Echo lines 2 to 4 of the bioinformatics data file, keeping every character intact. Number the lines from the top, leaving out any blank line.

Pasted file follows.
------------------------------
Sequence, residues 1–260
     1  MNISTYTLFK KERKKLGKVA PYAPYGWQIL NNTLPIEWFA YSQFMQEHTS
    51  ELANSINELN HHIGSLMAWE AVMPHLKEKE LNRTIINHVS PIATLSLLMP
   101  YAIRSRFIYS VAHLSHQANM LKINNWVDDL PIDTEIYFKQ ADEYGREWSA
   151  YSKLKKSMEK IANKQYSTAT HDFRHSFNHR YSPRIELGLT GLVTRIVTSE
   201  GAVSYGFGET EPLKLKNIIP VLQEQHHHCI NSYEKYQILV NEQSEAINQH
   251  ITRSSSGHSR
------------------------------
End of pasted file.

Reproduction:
     1  MNISTYTLFK KERKKLGKVA PYAPYGWQIL NNTLPIEWFA YSQFMQEHTS
    51  ELANSINELN HHIGSLMAWE AVMPHLKEKE LNRTIINHVS PIATLSLLMP
   101  YAIRSRFIYS VAHLSHQANM LKINNWVDDL PIDTEIYFKQ ADEYGREWSA